How will voters perceive staff wage increases in November?

150 150 Matthew Grant Anson

If Governor Jerry Brown plans on spending the summer and much of the fall pushing the need to approve his $8 billion tax initiative, he may want to get his own state lawmakers caught up on the status of California’s finances.

New reports indicate that state lawmakers gave over half their staffers pay raises over the last 12 months, standing in stark contrast to the Senate’s pledge to implement a one-year pay freeze on Wednesday. The raises also contradict the belt-tightening of other state workers, who not only did not receive pay increases, but actually saw their pay slashed by 5 percent via a once-a-month furlough day.

Needless to say, taxpayer activists are licking their chops, particularly in regard to the perceived hypocrisy of instituting a wage freeze only after providing raises.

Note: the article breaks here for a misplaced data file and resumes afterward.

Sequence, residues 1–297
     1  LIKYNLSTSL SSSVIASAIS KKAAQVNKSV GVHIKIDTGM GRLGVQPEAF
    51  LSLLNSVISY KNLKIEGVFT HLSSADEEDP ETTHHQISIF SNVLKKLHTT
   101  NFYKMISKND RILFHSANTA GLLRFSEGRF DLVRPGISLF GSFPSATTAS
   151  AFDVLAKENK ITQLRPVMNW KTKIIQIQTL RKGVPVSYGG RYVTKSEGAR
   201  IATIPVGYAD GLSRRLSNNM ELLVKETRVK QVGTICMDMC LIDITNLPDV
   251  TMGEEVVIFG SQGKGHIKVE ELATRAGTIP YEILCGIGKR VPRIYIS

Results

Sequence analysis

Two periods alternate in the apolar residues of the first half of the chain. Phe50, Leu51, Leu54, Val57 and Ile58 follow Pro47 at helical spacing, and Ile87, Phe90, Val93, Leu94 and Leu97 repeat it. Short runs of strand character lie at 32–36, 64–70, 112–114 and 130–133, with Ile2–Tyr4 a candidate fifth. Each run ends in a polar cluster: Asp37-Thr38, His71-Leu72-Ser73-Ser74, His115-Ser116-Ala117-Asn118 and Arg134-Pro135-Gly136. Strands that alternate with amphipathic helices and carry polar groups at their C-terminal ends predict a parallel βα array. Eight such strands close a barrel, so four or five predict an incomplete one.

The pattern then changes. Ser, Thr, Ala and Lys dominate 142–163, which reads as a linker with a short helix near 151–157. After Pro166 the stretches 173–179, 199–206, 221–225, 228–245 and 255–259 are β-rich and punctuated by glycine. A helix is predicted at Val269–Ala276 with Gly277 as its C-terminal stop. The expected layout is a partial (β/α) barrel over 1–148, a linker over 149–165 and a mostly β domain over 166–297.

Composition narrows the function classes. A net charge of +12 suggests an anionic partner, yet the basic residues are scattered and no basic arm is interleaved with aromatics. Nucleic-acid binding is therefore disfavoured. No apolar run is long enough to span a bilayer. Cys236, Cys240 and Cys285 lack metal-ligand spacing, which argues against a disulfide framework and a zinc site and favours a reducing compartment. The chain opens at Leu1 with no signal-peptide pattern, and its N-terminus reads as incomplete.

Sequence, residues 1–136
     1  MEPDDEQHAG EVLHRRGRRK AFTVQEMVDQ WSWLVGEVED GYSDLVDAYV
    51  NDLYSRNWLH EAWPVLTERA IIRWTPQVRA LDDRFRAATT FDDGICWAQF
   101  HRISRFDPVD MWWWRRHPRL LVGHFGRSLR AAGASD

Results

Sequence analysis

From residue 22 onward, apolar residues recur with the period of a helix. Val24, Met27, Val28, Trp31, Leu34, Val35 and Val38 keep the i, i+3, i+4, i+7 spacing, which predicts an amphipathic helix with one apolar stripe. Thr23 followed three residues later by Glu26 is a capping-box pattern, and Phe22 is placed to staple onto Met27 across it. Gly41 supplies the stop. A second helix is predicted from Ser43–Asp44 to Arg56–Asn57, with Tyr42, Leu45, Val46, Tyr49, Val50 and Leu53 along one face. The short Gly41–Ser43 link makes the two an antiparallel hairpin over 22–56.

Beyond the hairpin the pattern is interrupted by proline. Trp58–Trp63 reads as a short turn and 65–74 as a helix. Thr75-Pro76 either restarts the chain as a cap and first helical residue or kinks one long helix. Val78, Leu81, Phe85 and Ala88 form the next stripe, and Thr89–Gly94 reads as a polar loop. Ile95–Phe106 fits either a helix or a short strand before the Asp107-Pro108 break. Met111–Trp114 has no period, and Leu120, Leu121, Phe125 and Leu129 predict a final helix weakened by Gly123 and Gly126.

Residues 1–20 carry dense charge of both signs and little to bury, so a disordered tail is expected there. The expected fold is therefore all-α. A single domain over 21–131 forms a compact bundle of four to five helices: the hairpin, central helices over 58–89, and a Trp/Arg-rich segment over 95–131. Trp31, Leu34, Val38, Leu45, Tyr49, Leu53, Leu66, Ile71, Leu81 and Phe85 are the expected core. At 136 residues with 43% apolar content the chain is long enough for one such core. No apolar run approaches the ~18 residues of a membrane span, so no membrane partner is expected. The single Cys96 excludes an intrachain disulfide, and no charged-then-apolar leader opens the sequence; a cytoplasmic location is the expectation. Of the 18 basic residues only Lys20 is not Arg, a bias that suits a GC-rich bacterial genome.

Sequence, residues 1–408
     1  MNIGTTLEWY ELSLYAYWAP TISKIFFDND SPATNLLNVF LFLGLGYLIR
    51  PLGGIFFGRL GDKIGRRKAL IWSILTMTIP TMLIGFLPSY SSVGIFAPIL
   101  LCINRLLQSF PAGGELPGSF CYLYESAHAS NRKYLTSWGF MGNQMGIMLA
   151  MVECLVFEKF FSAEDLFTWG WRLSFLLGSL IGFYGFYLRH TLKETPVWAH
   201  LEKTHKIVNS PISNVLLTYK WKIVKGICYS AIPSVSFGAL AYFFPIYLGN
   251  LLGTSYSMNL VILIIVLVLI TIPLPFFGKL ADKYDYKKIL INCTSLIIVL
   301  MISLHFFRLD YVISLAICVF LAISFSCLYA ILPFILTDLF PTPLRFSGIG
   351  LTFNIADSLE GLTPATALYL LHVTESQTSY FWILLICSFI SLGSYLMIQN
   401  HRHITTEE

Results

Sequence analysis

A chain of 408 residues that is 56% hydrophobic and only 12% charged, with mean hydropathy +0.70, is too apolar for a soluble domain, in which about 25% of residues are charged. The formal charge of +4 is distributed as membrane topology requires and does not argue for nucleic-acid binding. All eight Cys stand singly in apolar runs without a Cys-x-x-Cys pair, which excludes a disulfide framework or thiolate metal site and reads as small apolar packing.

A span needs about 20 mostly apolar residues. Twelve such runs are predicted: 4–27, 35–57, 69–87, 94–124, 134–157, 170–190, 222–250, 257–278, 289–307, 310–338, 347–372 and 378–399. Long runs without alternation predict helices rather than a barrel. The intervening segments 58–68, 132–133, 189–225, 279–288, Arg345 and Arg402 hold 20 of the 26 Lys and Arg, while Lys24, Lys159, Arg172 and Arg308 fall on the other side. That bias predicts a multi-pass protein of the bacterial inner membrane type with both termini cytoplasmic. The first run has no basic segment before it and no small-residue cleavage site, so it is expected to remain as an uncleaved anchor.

“To announce a pay freeze after all the raises have been given is like closing the vault door after the bank has been robbed,” Jon Coupal, president of the Howard Jarvis Taxpayers Association told the Sacramento Bee

But Senate leadership contends that the numbers aren’t what they seem: their staffers haven’t had a wage increase for four years. 

“The numbers need to be viewed in the context of the last five years when salary costs haven’t risen,” Rhys Williams, a spokesman for Senate President Pro Tem Darrell Steinberg told the Los Angeles Times. “In fact, they are less.”

How voters respond to the pay raises on the surface with regard to California’s dire economic state may be what nudges voters when deciding how to vote on Gov. Brown’s tax initiative. Most will not dig deep enough to learn the salary history of state employees.

In that light, even though merit raises cost taxpayers $1.5 million – just a drop in the bucket when compared to California’s other expenditures, this may end up the straw that breaks the collective back of a frustrated California electorate and leaves the state without a November revenue influx that the current budget is contingent upon. 


Matthew Grant Anson

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